Insiders suspect that poor driver recruitment and a desire to avoid fines are behind the latest service cancellations.
PLUS: Full details of the Southern, Thameslink and Gatwick Express cancelled services
Commuters, shoppers and tourists wanting to travel into central London via Victoria could have a very long wait, after rail operator Govia Thameslink Railway announced the cancellation of hundreds of services daily – and for an indefinite period.
Services into Victoria from stations in Croydon and across southern England were stopped on Christmas Eve, apparently for planned engineering and signalling work.
Services were due to return to a covid-sort-of-normal today, the first working day after all the Christmas period bank holidays, at the start of the week when schools are set to re-open.
Last week, on New Year’s Eve, Govia issued an update on their closures, stating that Victoria would remain closed for a further week, until January 10, with service reductions due to staff either catching covid or having to self-isolate because of the virus.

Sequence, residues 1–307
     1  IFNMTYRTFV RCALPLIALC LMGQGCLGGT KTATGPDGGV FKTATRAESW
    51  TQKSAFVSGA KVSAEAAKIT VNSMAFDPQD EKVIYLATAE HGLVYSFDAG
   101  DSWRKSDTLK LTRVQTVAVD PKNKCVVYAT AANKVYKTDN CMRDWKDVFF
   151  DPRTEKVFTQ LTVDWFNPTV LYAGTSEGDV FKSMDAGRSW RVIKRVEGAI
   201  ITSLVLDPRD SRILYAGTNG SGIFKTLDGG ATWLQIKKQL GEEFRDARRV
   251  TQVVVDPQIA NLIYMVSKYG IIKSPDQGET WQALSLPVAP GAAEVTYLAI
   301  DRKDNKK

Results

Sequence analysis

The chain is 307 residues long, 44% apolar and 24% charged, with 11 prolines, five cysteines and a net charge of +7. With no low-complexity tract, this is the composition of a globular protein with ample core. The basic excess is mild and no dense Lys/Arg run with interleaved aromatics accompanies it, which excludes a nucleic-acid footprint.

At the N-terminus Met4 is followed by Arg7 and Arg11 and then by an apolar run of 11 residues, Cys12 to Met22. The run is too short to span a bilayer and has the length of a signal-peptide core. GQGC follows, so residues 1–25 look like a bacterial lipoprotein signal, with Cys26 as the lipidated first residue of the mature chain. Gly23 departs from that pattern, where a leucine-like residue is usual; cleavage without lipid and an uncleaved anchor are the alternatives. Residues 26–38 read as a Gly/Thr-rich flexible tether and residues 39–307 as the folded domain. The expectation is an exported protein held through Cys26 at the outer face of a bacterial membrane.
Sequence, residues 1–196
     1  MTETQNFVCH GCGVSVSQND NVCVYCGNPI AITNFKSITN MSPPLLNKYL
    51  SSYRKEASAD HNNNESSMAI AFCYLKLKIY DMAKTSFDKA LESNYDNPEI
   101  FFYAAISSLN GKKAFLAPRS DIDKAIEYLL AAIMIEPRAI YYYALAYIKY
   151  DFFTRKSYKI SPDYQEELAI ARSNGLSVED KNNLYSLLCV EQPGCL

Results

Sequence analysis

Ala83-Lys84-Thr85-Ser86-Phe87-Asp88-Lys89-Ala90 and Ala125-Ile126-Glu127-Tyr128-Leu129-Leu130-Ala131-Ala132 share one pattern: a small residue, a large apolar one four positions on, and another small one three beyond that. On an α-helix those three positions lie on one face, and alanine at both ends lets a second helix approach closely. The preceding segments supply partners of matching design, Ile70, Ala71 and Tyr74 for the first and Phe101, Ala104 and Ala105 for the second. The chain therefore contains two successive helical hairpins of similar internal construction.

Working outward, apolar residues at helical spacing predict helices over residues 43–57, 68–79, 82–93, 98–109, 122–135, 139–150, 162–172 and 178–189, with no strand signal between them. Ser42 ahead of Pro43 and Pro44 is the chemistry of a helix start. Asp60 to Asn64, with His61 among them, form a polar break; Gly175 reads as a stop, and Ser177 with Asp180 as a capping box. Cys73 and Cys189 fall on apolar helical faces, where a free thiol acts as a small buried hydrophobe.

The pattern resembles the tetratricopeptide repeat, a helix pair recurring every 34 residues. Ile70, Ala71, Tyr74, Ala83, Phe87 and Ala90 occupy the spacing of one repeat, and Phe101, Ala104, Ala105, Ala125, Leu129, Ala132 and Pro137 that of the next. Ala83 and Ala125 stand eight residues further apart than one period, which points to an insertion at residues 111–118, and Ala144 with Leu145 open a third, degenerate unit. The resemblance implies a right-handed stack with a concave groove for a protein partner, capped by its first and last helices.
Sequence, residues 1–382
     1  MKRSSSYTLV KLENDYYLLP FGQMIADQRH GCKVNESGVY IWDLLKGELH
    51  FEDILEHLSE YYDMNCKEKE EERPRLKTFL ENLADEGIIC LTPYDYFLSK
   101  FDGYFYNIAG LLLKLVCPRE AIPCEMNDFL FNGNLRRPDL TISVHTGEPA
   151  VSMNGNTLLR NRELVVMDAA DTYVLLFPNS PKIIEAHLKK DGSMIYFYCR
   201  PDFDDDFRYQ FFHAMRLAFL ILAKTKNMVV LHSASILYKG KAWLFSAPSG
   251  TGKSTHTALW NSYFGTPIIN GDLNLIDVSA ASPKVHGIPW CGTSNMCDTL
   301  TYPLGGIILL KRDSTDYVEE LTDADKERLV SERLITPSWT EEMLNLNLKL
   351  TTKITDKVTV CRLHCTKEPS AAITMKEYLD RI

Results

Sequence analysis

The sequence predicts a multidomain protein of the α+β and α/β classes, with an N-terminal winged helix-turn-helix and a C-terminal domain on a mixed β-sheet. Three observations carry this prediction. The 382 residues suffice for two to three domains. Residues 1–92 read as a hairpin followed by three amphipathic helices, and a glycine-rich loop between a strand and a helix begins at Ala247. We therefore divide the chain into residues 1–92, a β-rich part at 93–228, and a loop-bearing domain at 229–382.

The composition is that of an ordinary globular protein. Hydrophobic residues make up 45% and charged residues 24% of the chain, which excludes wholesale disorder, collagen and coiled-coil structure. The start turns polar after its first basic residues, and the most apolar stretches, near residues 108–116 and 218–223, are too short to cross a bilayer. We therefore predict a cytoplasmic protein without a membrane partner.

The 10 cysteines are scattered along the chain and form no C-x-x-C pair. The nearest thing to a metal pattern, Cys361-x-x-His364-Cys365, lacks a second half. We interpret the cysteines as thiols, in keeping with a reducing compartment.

But the Rail Delivery Group, which represents the railway companies, says that fewer than 1-in-10 workers are off work due to the pandemic.
Now, Govia has announced a much wider-ranging set of service cancellations, stating that its much-reduced Christmas timetable that was in operation across its networks last week “will continue on weekdays from January 4, 2022, until further notice“. Those are our italics.
Rail service watchers and commuter groups are increasingly suspicious about Govia’s service reductions, providing far fewer trains than they have contracted to provide under the terms of their management agreement with the government for Southern, Thameslink, the Gatwick Express and the Great Northern line.
The services being provided over most of 2021 were far below the numbers of trains available before March 2020, when the first covid lockdown was implemented. The company had long been criticised, even before the pandemic, for its poor management of staffing levels and staff recruitment.
This latest service reduction could be less to do with post-covid passenger numbers or staff sickness, and more to do with Govia avoiding fines for late or cancelled services.
“Govia really have a long record of claiming they need to dramatically reduce services – yet continue to deny any underlying driver shortages,” one insider said today.